During the 1800s, artists journeyed through the Americas, transforming their views of the land into romanticized landscape imagery while projecting the hopes and values of European settlers onto newly occupied territories. They responded to the distinctive topographies of the hemisphere, creating images that would come to represent different regions.

These works became iconic as they circulated throughout the Americas, Britain and Europe on popular tours and as reproductions. The sense of wonder and openness they captured encouraged settlement and investment in the Americas. These are not neutral images; they reflected the politics and practices of the time and helped to shape national identities.

Landscape painting in the Americas started with direct observation and sketching in the field. Driven by a desire to depict some of the hemisphere’s most remote and distinctive sites, painters undertook arduous journeys to reach these faraway places. They often made detailed notes and drawings en route, filling sketchbooks with their observations of plants, animals and topography.

Later, in their studios, artists turned their sketches into ambitious composite paintings. Art and science came together as natural history was reimagined in highly detailed works, which were artists’ interpretations of places rather than exact representations.

“These images are from a period of erasure and colonization, and the myth of human progress at the expense of Indigenous people.” – Hayden King, Anishinaabe writer and educator, 2015

The works in this exhibition span from the early 1800s to the early 1900s, a period during which Indigenous peoples were subjected to intense violence and forced assimilation. Many of these landscape paintings are devoid of people, furthering the idea of terra nullius, which suggests that uncolonized land is an empty and untouched wilderness. In fact, highly sophisticated cultures and civilizations of Indigenous people had thrived in the Americas for thousands of years.

Paintings that did include Indigenous people often romanticized and exoticized them, casting these individuals in an imaginary narrative that promoted expansion by settlers. Ultimately, this historical moment saw the large-scale appropriation of Indigenous land, the suppression of Indigenous languages and cultures, and the death of many Indigenous people by violence and disease.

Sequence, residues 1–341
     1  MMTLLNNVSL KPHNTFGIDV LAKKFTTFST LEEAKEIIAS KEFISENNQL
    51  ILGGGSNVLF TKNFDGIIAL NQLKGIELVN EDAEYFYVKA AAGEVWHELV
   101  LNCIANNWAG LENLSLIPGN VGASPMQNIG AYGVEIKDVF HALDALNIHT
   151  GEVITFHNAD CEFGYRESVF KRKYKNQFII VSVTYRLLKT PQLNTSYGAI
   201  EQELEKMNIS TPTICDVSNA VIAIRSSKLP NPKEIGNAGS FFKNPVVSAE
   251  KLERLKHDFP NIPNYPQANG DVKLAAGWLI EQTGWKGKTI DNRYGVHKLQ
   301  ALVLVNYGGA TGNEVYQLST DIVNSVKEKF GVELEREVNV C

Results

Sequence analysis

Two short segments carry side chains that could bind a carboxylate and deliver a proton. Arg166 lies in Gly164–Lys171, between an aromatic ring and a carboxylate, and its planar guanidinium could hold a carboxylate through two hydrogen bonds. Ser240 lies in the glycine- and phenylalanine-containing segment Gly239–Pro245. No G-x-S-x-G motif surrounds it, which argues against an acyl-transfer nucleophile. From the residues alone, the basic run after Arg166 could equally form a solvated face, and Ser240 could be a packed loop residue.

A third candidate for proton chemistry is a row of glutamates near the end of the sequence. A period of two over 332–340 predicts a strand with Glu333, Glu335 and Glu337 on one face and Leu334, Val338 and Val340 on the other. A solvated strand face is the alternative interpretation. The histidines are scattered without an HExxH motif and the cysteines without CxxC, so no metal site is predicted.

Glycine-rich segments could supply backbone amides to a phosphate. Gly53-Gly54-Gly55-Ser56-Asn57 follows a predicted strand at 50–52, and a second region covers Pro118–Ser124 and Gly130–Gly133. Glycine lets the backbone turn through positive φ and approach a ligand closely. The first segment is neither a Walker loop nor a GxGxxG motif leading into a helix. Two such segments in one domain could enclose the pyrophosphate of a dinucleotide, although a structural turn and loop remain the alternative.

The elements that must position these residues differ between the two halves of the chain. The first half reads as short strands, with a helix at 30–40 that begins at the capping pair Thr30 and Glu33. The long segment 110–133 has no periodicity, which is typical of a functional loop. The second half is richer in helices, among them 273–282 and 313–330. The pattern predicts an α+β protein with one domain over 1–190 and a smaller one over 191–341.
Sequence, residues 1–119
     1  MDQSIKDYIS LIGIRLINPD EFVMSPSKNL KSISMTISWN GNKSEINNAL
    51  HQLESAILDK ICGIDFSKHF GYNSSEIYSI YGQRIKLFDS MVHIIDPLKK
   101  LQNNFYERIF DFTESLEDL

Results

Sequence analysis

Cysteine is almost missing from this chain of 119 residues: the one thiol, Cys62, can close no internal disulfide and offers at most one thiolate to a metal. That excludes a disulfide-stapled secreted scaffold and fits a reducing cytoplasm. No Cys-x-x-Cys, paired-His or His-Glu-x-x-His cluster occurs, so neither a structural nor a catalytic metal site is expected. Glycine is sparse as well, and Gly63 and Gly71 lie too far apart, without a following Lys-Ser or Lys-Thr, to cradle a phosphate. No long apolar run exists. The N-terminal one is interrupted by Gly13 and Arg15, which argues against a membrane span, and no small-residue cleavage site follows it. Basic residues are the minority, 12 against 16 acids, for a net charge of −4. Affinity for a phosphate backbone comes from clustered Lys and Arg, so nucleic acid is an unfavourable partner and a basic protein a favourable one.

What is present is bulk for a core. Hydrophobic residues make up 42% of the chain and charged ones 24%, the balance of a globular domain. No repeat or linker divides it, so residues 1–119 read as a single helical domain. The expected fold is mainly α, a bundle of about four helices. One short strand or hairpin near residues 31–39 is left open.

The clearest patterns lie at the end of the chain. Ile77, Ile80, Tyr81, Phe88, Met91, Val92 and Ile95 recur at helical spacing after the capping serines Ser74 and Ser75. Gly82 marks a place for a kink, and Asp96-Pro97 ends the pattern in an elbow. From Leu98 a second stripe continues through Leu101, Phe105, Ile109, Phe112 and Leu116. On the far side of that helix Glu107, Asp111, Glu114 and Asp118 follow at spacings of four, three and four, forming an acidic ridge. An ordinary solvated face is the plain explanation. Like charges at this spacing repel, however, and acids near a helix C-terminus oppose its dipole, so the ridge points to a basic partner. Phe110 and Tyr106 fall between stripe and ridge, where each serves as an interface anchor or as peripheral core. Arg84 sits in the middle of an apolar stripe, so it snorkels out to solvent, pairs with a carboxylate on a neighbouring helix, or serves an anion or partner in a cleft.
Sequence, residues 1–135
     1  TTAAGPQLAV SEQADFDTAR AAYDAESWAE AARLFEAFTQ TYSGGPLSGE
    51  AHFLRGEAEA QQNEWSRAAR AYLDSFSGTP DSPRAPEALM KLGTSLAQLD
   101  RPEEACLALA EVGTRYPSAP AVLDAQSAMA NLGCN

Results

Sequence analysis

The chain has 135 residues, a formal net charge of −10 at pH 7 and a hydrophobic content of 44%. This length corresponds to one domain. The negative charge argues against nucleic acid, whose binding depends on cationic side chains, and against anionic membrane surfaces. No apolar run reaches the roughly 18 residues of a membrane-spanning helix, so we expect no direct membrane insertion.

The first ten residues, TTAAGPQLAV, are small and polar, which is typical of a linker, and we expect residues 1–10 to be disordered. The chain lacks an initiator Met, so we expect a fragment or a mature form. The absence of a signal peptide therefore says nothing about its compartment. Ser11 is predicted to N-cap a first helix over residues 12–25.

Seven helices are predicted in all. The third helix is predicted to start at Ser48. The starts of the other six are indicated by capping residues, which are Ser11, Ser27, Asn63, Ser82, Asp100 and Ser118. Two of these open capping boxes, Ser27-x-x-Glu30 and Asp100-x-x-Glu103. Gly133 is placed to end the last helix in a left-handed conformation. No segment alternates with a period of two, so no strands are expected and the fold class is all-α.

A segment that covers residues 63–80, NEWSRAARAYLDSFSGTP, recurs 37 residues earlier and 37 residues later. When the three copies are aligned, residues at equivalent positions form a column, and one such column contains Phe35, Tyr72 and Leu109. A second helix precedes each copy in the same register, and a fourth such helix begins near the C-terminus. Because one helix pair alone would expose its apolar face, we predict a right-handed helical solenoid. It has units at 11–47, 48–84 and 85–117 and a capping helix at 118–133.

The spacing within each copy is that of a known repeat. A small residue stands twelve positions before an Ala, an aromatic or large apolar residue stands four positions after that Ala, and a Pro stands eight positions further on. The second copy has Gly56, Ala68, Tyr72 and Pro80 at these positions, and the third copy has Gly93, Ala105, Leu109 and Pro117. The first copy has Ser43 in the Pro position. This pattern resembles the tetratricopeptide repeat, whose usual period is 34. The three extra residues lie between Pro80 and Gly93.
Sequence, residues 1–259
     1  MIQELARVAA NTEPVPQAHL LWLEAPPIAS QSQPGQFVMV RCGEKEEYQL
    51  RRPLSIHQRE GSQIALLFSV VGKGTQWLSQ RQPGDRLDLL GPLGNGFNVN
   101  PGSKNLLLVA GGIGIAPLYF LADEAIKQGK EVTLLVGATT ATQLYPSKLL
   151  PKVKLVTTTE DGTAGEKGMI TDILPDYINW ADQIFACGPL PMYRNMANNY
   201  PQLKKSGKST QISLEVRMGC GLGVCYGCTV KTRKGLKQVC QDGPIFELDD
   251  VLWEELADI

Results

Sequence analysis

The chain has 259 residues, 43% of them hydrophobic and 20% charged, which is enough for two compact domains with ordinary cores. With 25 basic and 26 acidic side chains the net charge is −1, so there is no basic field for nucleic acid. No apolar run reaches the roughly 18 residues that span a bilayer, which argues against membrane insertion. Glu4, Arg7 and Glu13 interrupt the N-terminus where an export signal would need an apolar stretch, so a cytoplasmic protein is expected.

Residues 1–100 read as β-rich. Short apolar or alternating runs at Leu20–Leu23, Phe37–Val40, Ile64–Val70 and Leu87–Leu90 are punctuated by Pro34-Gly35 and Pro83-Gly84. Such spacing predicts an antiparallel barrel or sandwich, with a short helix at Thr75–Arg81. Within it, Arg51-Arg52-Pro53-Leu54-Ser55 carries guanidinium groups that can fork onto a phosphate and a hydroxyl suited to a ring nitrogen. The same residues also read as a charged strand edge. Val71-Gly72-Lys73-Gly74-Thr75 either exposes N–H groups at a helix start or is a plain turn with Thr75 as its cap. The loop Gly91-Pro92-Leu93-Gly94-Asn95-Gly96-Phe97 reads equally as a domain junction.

During the same period, settler nations engaged in lengthy battles and wars across the Americas to establish political borders, many of which are still contested today. The paintings on view here foreground nature as the setting for conflict and conquest.

The grand vistas of waterfalls, mountains and plains reveal the psychological and spiritual pleasure offered by the natural beauty of the Americas. Artists also created paintings to showcase the bounty of the land, promoting the hemisphere as a safe, fertile place for investment and exploitation—a land of plenty. Framed by European ideas of land use and ownership, these works appealed to the landowning classes and helped to encourage the extraction of products such as fur, timber and precious metals and minerals, and the establishment of agricultural crops such as sugar, tobacco, coffee and cotton. The immense effort of working the land is depicted as effortless and romantic; there are few hints of backbreaking slave labor in these gentle scenes.

In the early 1900s, landscape painters searched for a new visual language with which to represent a rapidly changing world. As cities grew and the industrial landscape emerged, artists used geometric forms to depict the forces of modernization, such as ports, factories, industrial farms and power stations.

Despite this change in style, many landscape paintings continued to emphasize beauty and direct experience in nature. Ideas of progress were counterbalanced by works in which artists reaffirmed the rural and natural realities of their specific regions. Other painters sought solitary and remote experiences in order to achieve an authentic or spiritual connection with nature.

In the early 1900s, painters in the Americas began to emphasize their individual responses to nature and the beauty of the land. They painted places they knew and understood well, expressing a deep sense of belonging through their art. In pursuing the essential truth of being through painting, many artists gave their own memories and lived experiences precedence over observable details. Their unique visions, expressed in the bold, simplified language of modernist art, in time came to stand for the spirit of the nations they painted.